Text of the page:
There are about 400,000 private water wells in Illinois, but about a quarter of them are abandoned.
Local health and environmental officials say that these abandoned wells could threat health and safety of local residents.
Representatives from the Knox County Health Department and the Knox County Soil and Water Conservation District gave a demonstration in rural Abingdon on Wednesday on sealing an abandoned well.
They want residents to know about a cost-share program that will help with the cost of sealing wells on properties.
Kara Downin with the conservation district says the dollars come from the state, although there are similar federal programs, and will cover up to $400.
Drilled wells that can be hundreds of feet deep can be more expensive but what’s more common are hand-dug wells with bricklined casing.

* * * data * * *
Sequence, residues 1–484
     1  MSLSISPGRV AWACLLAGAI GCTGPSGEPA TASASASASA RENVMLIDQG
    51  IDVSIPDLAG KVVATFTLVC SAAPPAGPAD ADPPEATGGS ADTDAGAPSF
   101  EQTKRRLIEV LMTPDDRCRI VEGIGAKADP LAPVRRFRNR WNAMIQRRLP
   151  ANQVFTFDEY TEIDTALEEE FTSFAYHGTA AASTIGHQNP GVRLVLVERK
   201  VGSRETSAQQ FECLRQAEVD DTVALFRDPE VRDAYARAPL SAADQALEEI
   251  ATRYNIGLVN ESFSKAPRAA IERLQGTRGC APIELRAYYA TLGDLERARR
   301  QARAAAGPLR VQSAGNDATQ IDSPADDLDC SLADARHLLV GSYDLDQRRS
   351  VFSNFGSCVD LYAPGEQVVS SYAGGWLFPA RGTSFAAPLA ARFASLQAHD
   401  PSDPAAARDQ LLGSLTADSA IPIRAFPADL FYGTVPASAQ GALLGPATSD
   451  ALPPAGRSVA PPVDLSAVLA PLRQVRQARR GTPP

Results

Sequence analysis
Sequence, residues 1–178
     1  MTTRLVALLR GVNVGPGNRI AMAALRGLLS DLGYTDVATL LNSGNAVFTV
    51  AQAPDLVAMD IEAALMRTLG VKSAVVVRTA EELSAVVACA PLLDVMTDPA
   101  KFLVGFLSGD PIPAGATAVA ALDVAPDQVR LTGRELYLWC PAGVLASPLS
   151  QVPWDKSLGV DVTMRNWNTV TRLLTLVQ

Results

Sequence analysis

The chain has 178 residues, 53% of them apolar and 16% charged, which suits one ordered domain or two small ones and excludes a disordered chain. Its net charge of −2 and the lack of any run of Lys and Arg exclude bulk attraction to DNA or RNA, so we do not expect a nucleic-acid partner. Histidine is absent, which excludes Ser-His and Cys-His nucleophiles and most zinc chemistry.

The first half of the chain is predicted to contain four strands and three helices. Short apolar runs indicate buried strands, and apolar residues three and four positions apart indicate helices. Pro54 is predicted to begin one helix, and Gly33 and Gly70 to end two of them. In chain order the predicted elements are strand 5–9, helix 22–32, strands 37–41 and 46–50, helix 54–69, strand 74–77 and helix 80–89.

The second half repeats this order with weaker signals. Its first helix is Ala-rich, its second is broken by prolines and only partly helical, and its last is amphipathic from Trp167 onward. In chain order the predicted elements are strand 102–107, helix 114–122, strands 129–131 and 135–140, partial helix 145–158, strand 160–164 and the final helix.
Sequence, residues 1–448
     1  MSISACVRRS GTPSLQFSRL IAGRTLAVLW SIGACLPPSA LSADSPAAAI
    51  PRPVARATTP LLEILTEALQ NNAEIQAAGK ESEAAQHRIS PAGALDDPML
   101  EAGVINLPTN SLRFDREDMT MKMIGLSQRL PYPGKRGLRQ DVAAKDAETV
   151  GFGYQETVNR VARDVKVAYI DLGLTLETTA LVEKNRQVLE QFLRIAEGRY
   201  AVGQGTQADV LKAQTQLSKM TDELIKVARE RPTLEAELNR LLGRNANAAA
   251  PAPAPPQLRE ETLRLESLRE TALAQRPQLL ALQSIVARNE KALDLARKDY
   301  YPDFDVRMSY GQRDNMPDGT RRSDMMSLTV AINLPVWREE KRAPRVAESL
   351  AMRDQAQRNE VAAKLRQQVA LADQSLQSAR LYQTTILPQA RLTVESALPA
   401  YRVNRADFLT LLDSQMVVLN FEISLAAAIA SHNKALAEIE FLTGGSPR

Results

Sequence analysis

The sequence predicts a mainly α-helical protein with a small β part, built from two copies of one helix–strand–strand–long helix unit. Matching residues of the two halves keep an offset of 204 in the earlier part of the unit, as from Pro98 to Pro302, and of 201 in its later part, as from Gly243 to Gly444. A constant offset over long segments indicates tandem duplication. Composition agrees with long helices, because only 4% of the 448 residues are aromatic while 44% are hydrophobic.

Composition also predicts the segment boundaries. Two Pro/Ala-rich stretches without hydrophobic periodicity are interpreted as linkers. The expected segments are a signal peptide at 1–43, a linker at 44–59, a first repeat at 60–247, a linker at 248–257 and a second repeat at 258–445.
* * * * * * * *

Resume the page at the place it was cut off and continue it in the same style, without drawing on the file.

Downin says it can be more cost effective to do it yourself but not everyone has the time or the equipment. Most commonly she says the cost runs $500 to $700.
“Where is it located? Is it next to your home so they need to use different equipment,” Downin tells WGIL. “Is there more to it in removing, maybe, a concrete slab off the top versus it’s already opened. There’s certainly more labor involved if they have more things to remove.”
She says that there’s of course the liability of an animal or child falling down a neglected well.
“If you’re no longer using a well but your neighbor is still tapped in to that same underground aquifer, if you have any pollutants get into there or live near an animal feed lot and any chemicals or manure, that can contaminate the ground water.”
Use of private water wells has gotten more rare, Downin says, as things happened like farm consolidations, residents moving into town or rural areas increasingly tapping into the Galesburg water supply.
You can pick up the necessary forms to apply at the conservation district office on South Soangateha Road.